the day I ate guinea pig

Yesterday I finally ate guinea pig.

Around here we call it cuy, so I think that is how I will refer to it from now on in this post. It sounds more correct and less pet-like.

I have wanted and intended to eat guinea pig ever since I stepped off the plane in Lima. However, since my host mother provides me with a large lunch every day, and, therefore, I am usually not starving at supper time, I have had little reason, opportunity, or spare stomach space to eat cuy. So, on Saturday I decided to make it happen. I informed my host mother that I was planning to eat cuy either Saturday or Sunday and inquired which would be a better day for me to eat out. She responded that either worked for her. Saturday, then. She asked if I knew where I would eat it. I replied that I had a few different Cusqueñan restaurants in mind but was also considering taking the 45-minute bus to the town of Tipón, where the cuy is supposedly the best. Adela agreed that it was best to eat cuy in Tipón, but also that cuy was “more fresh” on Sundays. I settled on Sunday, then.

After breakfast I ventured forth to attempt to find a gym and explore the city. On my way to the Avenida de la Cultura, where I had heard a gym was located, I stumbled upon a plaza overflowing with a fair with stalls selling everything from furniture to plants to books to cakes to pets.

I wandered happily through it and even doubled back as I was about to leave to purchase the single longest, largest banana I have ever seen in my life.

The banana and I at home later on.


Beyond the everything fair I found another normal market and next to that, lo and behold, a market sort of place will semi-permanent stalls selling all sorts of traditional Peruvian food, including plies (literally) of cuy!
The place was packed with Peruvians consuming various delicious-smelling dishes.

During the rest of my exploring I did end up finding a gym (but who am I kidding; there’s no way I’m going to go there) and, more importantly to this cuy story, a church. The church’s name was Iglesia de Cristo, and as I was staring at its exterior wondering what denomination it would consider itself, a nice young lady came out and handed me some pamphlets. We talked for a few minutes, during which time I found out the church had one service on Sundays, at 11:00, and that they were showing the movie “Luther” at 5:00 that evening free to the public. I immediately determined to go to the movie to check out the church.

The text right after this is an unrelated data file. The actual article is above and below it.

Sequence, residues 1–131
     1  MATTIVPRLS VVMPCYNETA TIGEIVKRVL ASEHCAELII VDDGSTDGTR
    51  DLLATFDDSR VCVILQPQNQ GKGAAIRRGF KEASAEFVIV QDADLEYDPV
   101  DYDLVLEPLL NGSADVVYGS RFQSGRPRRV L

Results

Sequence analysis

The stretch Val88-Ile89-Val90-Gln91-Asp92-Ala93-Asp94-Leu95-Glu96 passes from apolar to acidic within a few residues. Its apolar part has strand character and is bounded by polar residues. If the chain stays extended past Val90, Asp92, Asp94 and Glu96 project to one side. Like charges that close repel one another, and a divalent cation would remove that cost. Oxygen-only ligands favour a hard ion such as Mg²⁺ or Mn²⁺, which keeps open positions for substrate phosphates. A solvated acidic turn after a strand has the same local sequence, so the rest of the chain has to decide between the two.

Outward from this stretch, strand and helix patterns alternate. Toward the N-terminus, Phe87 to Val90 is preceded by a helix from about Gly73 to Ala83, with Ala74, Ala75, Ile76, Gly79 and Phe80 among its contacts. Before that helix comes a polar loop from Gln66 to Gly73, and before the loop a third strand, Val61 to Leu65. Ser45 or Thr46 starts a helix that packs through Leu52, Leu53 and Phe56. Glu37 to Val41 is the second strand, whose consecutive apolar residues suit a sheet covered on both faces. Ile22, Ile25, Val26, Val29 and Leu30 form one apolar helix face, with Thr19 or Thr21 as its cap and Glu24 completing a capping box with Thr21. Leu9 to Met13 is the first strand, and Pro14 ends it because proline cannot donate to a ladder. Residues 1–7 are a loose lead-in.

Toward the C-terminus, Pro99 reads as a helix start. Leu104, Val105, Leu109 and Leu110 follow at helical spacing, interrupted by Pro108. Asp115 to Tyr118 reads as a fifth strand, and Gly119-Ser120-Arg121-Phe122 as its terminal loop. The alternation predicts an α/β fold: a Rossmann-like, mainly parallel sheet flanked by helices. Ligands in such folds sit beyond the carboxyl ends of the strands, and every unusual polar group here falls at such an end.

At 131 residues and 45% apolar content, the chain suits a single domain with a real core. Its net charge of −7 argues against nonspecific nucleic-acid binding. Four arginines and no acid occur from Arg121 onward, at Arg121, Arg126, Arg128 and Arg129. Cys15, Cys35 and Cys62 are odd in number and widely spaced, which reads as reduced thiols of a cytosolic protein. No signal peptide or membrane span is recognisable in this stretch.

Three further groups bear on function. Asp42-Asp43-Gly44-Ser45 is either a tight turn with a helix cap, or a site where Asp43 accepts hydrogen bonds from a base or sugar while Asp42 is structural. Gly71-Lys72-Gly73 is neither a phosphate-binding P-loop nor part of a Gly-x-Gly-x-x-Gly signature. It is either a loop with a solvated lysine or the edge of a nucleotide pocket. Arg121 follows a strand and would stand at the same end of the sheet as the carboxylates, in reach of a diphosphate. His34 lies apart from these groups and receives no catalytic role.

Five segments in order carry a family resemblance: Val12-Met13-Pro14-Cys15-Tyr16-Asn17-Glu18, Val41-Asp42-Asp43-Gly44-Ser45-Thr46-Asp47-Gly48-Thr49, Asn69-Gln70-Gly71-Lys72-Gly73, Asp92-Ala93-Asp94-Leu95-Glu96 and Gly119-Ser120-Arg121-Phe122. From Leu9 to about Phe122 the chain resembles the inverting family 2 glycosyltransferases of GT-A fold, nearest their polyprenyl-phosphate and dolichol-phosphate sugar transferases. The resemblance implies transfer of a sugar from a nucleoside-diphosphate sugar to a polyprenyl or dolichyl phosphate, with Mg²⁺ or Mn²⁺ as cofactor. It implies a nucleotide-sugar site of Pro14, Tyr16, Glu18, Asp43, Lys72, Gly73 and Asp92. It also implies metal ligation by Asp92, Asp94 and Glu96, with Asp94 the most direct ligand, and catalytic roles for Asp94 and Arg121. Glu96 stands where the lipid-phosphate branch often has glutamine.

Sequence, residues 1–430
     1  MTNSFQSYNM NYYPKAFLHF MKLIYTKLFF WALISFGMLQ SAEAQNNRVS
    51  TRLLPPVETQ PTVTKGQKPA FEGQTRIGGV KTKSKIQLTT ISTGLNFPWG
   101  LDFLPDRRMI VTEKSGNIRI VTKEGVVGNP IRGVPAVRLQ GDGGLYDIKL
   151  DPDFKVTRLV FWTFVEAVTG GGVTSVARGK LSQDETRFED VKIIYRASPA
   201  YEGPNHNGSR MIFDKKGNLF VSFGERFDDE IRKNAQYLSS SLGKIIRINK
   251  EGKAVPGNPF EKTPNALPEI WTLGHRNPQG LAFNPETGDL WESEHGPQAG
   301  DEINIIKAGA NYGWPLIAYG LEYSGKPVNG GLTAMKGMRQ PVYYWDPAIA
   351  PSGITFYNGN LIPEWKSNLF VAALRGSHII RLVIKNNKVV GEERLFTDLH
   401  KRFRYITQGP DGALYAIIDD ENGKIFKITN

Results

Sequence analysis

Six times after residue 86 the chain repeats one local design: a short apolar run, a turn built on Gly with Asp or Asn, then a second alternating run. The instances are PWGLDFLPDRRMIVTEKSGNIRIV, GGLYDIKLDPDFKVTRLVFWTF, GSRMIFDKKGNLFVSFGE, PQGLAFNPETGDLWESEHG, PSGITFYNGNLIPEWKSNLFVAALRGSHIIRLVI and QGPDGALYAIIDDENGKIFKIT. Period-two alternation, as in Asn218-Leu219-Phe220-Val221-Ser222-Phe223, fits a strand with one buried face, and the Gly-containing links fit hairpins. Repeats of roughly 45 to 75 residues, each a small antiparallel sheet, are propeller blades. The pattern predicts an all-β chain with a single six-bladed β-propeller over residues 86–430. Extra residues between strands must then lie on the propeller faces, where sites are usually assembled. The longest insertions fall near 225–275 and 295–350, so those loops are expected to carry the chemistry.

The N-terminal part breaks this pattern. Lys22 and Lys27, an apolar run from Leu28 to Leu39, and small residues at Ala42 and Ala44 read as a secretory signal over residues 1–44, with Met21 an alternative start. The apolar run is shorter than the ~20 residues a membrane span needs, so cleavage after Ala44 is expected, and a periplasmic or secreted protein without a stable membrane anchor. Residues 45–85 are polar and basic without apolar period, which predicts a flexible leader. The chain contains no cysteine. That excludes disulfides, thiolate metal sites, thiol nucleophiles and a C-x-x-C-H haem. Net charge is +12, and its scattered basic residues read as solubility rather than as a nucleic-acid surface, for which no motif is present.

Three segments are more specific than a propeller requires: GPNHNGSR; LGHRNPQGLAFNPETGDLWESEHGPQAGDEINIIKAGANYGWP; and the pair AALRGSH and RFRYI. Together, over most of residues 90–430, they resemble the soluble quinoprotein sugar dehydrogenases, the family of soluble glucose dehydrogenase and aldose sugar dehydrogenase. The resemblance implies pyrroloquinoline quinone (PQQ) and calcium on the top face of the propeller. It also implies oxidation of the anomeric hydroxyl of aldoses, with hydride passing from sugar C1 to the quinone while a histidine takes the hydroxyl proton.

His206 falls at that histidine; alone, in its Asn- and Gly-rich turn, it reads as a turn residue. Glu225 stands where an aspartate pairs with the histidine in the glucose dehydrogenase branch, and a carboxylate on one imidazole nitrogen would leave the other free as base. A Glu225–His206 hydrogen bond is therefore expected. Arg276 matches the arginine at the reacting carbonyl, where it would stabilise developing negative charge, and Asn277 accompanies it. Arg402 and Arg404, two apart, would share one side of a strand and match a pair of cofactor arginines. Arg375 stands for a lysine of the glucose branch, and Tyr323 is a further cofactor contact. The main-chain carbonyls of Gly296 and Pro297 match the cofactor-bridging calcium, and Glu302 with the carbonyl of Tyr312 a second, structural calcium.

I went to the movie. The church seemed nice. There were four Americans! I spoke English to them! It was quite pleasant. I returned home (after eating some pastries at a pastry place I had also found, of course) planning to attend the 11:00 service the next day. Assuming the service ended at 1:00 and recalling that the bus to Tipón could take up to 45-minutes, I freely relinquished my plan to eat cuy in Tipón (I had never been thrilled at the idea of bothering to drive 45 minutes to eat cuy in the first place) and made up my mind to eat cuy in the market-like place I had discovered.

After church yesterday I walked home and waited around for about 30 minutes to make sure I was quite hungry. At 1:45 I set out. Arriving at the bustling food area, I was somewhat dismayed to discover that the piles of cuy were missing. In fact, after inquring around I found out that only a few restaurants had cuy. Perhaps it had all been eaten on Saturday. Who knows. Regardless, I found one of the stalls that had it and sat down at the communal table. I was served a plate with the back and head of a cuy, some noodles, two very dry potatoes, and a rocoto relleno (dough around a pepper stuffed with beef, onions, peas, and carrots).
I dug in. It was delicious! I liked the skin of the cuy, which was somewhat greasy and a little chewy, the best. I ate what was left of the ears. I took the head apart and found the meat around the jaw bone. It was fun! The meat itself was like dark chicken meat, only a bit more greasy and tastier. It did have a somewhat distinct taste, but I cannot describe it, unfortunately. Everything else except the dry potatoes was quite tasty, especially the rocoto relleno
And it only cost me S/13! I was rather pleased with myself for eating it in such an “authentic” location, too; I was the only white person in the whole place! I am so glad I have now eaten guinea pig. Next on the list: alpaca!

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3 comments

  1. The body parts of the cuy are indistinguishable to me! It looks……..interesting! Glad it was good. I think I would have preferred it in some sort of dark sauce so I couldn’t see it.

  2. Fascinating! I was going to mention the “pet” sort of thing when you first mentioned guinea pig, but refrained and now am glad because cuy presents a whole different picture in my mind. You are quite adventurous in both eating and exploring – what great stories for the future. (please let us know if alpaca as a meal is called something else because I have a picture of a wooly, big-eyed, cute llama-type animal in my mind). Love you lots, Grandma

  3. I am glad I could not recognize the little critter! I think it would have grossed me out. I was feeling a bit quesy as I read how you “opened up the head to get to the meat.” I agree with your grandmother that you definitely will have to add this to the list of stories to tell your kids and grandkids. Just make sure they don’t have a cuy as a pet when you tell them :)

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